COVID-19 Vaccinations

COVID-19 Vaccinations are NOW AVAILABLE for patients who qualify for the Phase IB roll out.

Those who qualify include:

  • Elderly adults aged 70 years and over
  • Other health care workers (Over 50 years of age)
  • Aboriginal and Torres Strait Islander adults 55 and over
  • Adults with underlying medical conditions or significant disabilty (Over 50 years of age)
  • Critical and high risk workers including defence, police, fire, emergency services and meat processing (Over 50 years of age)

To learn more and find out if you qualify, visit When will I get a COVID-19 vaccine?

Our expert nurse immunisers will be running a dedicated COVID-19 vaccination clinic at each of our sites below, every weekday, starting after Easter.  We will be dispensing the AstraZenica vaccine.  Patients who recieve this vaccine are required to have two doses, spaced 12 weeks apart.  We also recommend that you have your COVID-19 vaccine at least two weeks before or after getting your seasonal flu vaccine.

If you meet the above qualification criteria, please call your regular or nearest clinic to book in for your COVID-19 Vaccination.

Carrum | Phone: 03 9773 3333

Hastings | Phone: 03 5979 7777

Bangholme | Phone: 03 9706 5560


Time for a stretch!

By David Ronan – Physiotherapist

Whilst on the whole we have embraced working from home, it seems many of us are now spending more time at our desks and less time moving.

Having an ergonomic workstation setup and moving around every 30-45 minutes is the best way to try and avoid getting muscle pain and tension from prolonged desk work, however it is still good to have a few simple desk-based exercises to prevent muscle tension.

The following are a few quick stretches you can do throughout the day to help minimize those niggling pains.

Desk set up at home

Not everyone will have the perfect setup at home and for short periods of time it’s appropriate to make the best of what you have.

For those using a laptop at home the easiest thing you can do to dramatically improve your setup is to get an external keyboard and mouse to be used at desk level, and raise the laptop up on a box or something similar.

Shoulder blade squeezes

Try and squeeze your shoulder blades together and hold for about 5 seconds. This opens up your posture and gets blood flowing to muscles that have been static for long periods.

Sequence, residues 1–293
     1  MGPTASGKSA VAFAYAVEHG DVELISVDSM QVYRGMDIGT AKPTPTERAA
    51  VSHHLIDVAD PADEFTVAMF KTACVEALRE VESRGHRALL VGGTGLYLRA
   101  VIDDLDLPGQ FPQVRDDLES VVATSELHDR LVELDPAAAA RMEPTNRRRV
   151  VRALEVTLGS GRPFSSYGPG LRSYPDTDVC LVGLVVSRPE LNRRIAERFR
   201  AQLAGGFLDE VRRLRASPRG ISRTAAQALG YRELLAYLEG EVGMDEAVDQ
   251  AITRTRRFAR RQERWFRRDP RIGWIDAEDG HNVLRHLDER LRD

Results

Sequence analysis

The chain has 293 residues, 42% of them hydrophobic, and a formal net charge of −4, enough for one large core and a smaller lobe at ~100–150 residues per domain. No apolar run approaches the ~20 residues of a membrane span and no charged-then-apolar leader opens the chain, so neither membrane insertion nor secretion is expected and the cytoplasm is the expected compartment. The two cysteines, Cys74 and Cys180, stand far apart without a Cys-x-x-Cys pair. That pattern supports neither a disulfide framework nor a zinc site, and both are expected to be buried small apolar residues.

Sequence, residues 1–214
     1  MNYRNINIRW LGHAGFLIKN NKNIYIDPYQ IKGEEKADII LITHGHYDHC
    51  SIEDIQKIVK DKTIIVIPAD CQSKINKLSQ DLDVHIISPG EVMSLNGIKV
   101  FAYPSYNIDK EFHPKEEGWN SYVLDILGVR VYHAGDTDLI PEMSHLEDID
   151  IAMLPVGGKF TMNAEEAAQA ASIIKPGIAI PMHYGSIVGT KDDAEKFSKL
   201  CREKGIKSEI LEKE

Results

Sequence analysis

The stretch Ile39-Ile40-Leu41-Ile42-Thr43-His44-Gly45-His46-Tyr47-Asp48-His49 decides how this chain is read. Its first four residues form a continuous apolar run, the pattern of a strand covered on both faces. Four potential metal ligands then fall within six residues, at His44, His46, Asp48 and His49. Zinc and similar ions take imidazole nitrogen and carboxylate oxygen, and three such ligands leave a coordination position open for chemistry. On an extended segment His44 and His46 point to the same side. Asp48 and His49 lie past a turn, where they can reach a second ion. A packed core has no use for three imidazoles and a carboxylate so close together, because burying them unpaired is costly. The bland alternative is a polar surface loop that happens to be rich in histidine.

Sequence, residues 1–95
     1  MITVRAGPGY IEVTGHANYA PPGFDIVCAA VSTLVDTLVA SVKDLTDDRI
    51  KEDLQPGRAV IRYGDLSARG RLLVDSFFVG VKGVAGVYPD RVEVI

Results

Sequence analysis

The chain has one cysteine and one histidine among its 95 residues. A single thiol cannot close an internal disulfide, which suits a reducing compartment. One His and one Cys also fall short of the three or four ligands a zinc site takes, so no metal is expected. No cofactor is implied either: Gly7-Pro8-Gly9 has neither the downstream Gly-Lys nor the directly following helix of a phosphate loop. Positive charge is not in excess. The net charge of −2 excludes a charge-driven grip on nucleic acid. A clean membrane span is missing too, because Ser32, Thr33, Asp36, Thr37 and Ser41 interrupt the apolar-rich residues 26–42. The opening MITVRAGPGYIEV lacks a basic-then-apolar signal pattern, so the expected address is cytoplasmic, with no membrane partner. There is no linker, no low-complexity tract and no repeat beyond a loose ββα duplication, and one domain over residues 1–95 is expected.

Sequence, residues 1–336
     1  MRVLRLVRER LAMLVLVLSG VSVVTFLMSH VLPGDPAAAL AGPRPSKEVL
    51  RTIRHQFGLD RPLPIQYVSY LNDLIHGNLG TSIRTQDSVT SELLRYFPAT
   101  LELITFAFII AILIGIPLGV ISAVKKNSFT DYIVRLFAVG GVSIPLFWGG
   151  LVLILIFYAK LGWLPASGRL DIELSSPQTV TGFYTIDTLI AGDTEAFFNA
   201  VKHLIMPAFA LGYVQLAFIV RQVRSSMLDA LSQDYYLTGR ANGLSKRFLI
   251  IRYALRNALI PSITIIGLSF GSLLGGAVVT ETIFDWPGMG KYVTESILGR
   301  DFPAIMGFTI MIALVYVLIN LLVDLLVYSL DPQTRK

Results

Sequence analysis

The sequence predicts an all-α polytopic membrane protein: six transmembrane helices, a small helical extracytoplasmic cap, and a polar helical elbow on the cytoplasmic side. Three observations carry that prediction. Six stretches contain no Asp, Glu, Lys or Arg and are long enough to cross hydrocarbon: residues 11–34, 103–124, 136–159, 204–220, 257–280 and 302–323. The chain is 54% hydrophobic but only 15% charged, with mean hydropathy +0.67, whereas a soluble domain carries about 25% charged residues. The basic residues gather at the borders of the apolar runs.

Forward stretch

This is the opposite movement to above and is a nice way to feel a stretch through your upper back muscles. Try and do immediately after the previous stretch for maximum benefit.

Neck stretch

Gently lean your head laterally and slightly forward to feel a nice stretch through neck muscles on the opposite side.

Hip Flexor stretches

Prolonged sitting can cause your hip flexors to become tight which can affect your lower back. A nice way to counter this is the stretch shown above, the stretch should be felt through the upper part of the thigh on the back leg.

Christmas Opening Hours 2020

If your regular clinic is closed, call us on 1300 268 431 and we will try find an appointment for you at a nearby clinic or arrange a telehealth consultation.


Thurs 24th Dec (Christmas Eve) > 8am – 9pm

Fri 25th Dec (Christmas Day) > CLOSED

Sat 26th Dec (Boxing Day) > 8am – 1pm

Mon 28th Dec (Boxing Day Public Holiday) > 8am – 1pm

Thurs 31st Dec (New Year’s Eve) > 8am – 9pm

Fri 1st Jan (New Year’s Day) > CLOSED


Thurs 24th Dec (Christmas Eve) > 9am – 5pm

Fri 25th Dec (Christmas Day) > CLOSED

Mon 28th Dec (Boxing Day Public Holiday) > 9am – 1pm

Thurs 31st Dec (New Year’s Eve) > 9am – 5pm

Fri 1st Jan (New Year’s Day) > CLOSED


Thurs 24th Dec (Christmas Eve) > 9am – 5pm

Fri 25th Dec (Christmas Day) > CLOSED

Sat 26th Dec (Boxing Day) > CLOSED

Mon 28th Dec (Boxing Day Public Holiday) > CLOSED

Thurs 31st Dec (New Year’s Eve) > CLOSED

Fri 1st Jan (New Year’s Day) > CLOSED

William Street

Thurs 24th Dec (Christmas Eve) > CLOSED

Fri 25th Dec (Christmas Day) > CLOSED

Sat 26th Dec (Boxing Day) > CLOSED

Mon 28th Dec (Boxing Day Public Holiday) > CLOSED

Thurs 31st Dec (New Year’s Eve) > CLOSED

Fri 1st Jan (New Year’s Day) > CLOSED


Thurs 24th Dec (Christmas Eve) > 9am – 8pm

Fri 25th Dec (Christmas Day) > CLOSED

Sat 26th Dec (Boxing Day) > 8.30am – 3pm

Sun 27th Dec > 8.30am – 3pm

Mon 28th Dec (Boxing Day Public Holiday) > 9am – 3pm

Thurs 31st Dec (New Year’s Eve) > 9am – 8pm

Fri 1st Jan (New Year’s Day) > 9am – 8pm


Thurs 24th Dec (Christmas Eve) > 9am – 5pm

Fri 25th Dec (Christmas Day) > CLOSED

Mon 28th Dec (Boxing Day Public Holiday) > 9am – 3pm

Thurs 31st Dec (New Year’s Eve) > 9am – 5pm

Fri 1st Jan (New Year’s Day) > 9am – 2pm


Thurs 24th Dec (Christmas Eve) > 9am – 5pm

Fri 25th Dec (Christmas Day) > CLOSED

Sat 26th Dec (Boxing Day) > 9am – 1pm

Mon 28th Dec (Boxing Day Public Holiday) > 9am – 1pm

Thurs 31st Dec (New Year’s Eve) > 9am – 5pm

Fri 1st Jan (New Year’s Day) > CLOSED


Fri 25th Dec (Christmas Day) > CLOSED

Sat 26th Dec (Boxing Day) > CLOSED

Mon 28th Dec (Boxing Day Public Holiday) > CLOSED

Fri 1st Jan (New Year’s Day) > CLOSED


Thurs 24th Dec (Christmas Eve) > 9am – 1.30 pm

Fri 25th Dec (Christmas Day) > CLOSED

Sat 26th Dec (Boxing Day) > CLOSED

Mon 28th Dec (Boxing Day Public Holiday) > 9am – 1pm

Thurs 31st Dec (New Year’s Eve) > 9am – 3pm

Fri 1st Jan (New Year’s Day) > CLOSED


Direct Chemist Outlet joins the team at Bangholme

Atticus Health is very happy to welcome Direct Chemist Outlet, who are setting up a same-day delivery service at our Bangholme Clinic, 440 Frankston Dandenong Rd, Bangholme.

The webinar below introduces the Pharmacy services on offer and details the simple instructions to set up an account and arrange same day delivery of your prescription medications.